Has anyone compared moisture contents of green winter wood and green summer wood? That was what I was wondering?
    Applesister likes this.
  10. weatherguy

    weatherguy Minister of Fire

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    Wood doesnt dry as well in the winter as summer and spring months, but it does season a little so its not wasted time if you split it now. This question comes up every year, usually several times and someone had a chart once that showed drying time per month. Definately more seasoning going on in the warm months, even frozen wood will sublimate moisture out so it is seasoning all the time, unless of course its cold and rainy.
    Backwoods Savage and raybonz like this.
  11. bogydave

    bogydave Minister of Fire

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    Good question.
    Trees here have to get rid of their water before winter. the sub zero temps would make them brittle & snap off or do cell damage.
    I notice a big difference in weight, spring & summer birch is allot heavier than October cut trees.
    Nothing scientific but a noticeable weight difference, gotta be water content.

    I wonder if you cut the bark off down at the stump now, & let the tree leaf out in the spring, if they would be drier yet.
  12. basod

    basod Minister of Fire

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    As far as trying to girdle the trees and allowing them to leaf out it won't make much difference in drying the wood all that much as it would to c/s/s now.
    Water moves up the middle and sugars run down the outer layers to the roots.
    It will kill the tree but may take a couple years.

    The only real reason to girdle one is if its prone to be a sucker shoot tree and you want the area clear for good.
    If you have to do this make two cuts all the way around ~1ft apart and apply glyphosate to them. It'll travel down to the roots and kill the entire root system.
    I wouldn't bother with an oak but if it were a sweetgum,poplar, privet, or locust that you're trying to eliminate for good I recommend girdling prior to cutting.
    Bacffin likes this.
  13. Backwoods Savage

    Backwoods Savage Minister of Fire

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    There is no question that the heat along with moving air will dry the wood faster than the cold wind. Same with laundry on the lines. It does dry (mostly) in the winter if outdoors but when taken into the warmer air needs a little more drying.

    It is sort of like the analogy of washing. Wash your hands in cold water or warm? If they are really grimy, for sure the warm or hot water will clean them much faster.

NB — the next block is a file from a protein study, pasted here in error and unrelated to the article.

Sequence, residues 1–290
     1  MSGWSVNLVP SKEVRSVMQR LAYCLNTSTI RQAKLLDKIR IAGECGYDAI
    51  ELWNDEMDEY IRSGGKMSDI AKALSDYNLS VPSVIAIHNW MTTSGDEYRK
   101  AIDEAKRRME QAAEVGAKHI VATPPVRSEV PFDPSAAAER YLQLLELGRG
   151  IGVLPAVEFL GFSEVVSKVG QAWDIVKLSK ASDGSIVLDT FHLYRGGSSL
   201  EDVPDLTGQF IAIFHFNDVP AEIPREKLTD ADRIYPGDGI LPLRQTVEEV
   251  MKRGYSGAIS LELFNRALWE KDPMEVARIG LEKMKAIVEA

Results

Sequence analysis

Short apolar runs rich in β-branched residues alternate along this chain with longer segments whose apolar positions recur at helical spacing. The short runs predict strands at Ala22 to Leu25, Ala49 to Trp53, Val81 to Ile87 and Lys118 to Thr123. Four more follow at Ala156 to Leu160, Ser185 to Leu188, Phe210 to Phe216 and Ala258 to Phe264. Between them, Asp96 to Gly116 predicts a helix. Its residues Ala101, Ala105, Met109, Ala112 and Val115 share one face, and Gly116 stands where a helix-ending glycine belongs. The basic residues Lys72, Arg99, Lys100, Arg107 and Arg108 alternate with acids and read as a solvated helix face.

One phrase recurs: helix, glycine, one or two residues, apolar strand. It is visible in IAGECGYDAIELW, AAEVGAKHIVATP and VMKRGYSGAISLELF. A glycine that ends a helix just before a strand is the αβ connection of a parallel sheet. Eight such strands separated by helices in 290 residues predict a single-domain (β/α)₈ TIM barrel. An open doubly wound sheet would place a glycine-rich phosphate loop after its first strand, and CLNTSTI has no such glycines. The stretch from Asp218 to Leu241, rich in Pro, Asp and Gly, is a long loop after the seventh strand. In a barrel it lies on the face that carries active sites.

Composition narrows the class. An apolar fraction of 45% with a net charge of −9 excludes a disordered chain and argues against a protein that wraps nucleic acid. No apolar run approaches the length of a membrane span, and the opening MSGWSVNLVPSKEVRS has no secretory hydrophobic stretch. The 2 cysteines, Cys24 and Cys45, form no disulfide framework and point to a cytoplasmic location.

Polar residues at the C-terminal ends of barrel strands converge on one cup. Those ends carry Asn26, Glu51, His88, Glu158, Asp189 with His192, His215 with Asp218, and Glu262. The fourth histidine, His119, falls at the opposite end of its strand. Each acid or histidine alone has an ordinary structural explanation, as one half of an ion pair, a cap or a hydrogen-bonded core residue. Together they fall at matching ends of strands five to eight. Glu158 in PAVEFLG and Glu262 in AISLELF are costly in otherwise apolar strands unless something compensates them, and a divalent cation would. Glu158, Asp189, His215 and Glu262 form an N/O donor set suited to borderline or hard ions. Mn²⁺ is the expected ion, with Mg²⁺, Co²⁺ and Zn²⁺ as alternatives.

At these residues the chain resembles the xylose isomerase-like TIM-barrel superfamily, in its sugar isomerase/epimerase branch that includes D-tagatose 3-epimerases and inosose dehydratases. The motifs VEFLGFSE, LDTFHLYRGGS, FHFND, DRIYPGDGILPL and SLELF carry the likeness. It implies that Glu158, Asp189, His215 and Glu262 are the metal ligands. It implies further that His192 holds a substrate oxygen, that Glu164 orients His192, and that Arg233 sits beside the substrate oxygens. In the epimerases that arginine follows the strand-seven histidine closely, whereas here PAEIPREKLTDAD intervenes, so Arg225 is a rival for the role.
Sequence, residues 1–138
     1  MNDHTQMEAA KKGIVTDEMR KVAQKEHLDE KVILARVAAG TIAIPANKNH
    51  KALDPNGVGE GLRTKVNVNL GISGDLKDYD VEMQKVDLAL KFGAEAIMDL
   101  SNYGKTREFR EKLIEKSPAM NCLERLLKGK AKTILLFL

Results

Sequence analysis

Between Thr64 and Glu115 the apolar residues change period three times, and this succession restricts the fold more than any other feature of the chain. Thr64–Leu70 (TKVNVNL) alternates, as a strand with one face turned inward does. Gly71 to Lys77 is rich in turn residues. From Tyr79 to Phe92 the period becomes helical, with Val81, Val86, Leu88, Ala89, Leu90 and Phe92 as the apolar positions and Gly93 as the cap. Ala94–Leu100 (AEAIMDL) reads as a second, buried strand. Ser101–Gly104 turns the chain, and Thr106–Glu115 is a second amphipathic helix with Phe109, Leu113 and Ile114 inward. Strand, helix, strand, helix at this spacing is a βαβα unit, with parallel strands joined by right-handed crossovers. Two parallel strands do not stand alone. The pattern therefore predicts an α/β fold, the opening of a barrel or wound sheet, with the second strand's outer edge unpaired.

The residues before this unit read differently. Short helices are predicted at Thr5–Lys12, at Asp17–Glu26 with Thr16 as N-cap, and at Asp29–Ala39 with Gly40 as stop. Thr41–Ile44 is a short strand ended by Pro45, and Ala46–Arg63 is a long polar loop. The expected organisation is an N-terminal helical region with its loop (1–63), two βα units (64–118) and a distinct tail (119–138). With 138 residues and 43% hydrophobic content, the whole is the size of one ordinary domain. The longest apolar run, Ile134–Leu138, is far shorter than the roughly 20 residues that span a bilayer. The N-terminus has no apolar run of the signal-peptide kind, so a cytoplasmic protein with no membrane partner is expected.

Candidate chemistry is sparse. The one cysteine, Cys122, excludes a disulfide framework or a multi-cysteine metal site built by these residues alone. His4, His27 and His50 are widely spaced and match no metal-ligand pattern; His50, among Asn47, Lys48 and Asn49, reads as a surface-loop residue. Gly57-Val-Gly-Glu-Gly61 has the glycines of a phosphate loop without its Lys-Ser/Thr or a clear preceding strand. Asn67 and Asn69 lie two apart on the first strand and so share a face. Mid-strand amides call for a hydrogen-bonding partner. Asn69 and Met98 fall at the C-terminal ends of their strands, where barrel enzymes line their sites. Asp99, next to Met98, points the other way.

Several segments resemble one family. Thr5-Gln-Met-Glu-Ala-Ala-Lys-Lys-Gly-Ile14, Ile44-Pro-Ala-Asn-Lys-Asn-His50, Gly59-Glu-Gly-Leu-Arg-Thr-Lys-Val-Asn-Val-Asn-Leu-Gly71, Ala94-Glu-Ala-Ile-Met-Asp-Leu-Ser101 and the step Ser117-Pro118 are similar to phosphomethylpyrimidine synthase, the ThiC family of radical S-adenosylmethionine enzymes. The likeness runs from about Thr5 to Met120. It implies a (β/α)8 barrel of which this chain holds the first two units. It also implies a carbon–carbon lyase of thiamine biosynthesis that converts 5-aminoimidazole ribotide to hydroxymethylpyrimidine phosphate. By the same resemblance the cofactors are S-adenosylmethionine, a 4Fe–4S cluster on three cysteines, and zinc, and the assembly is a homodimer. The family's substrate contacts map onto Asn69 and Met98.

We cut in the winter and yes, there seems to be less moisture in the wood. We stack during the winter and then split in the spring. We stack around 4 1/2' high in March or April and find that by October of November the wood pile has shrunk by a half of a foot. Perhaps I should some day split some in the winter and stack at 4 1/2' to see how long it would take to shrink the stack to 4'.
    Bacffin likes this.
  14. Shane N

    Shane N Feeling the Heat

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    Considering that moisture is water, and water freezes in the cold, I'm guessing it doesn't dry much in the winter. You won't get water movement from the center of the wood to the outside. You might get some moisture loss from the outside edges due to sublimation. But any moisture removed from the outside from it won't be replaced as the water in the middle isn't in a form conducive to moving.
  15. red oak

    red oak Minister of Fire

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    So much depends on your local climate, but I agree that wood will dry faster in the summer. In your situation,I agree that you should cut and split it soon, which gives you the advantage of splitting during a more pleasant time of year, and taking advantage of the warm weather for drying as soon as it arrives. I still have a bit of Sandy damage to clean up, but I'm going to try real hard to get it split and stacked before summer. I've had to cut and split wood every summer for the last 11 years and I'm tired of the bugs and sweat.
  16. Wood Duck

    Wood Duck Minister of Fire

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    I think wood dries faster in the summer than in the winter, but I would definitely get any wood split and stacked now if possible. It dries at least a little in the winter, even when it is frozen.
  17. Bigg_Redd

    Bigg_Redd Minister of Fire

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    If you have then ambition and the room, knock them down now.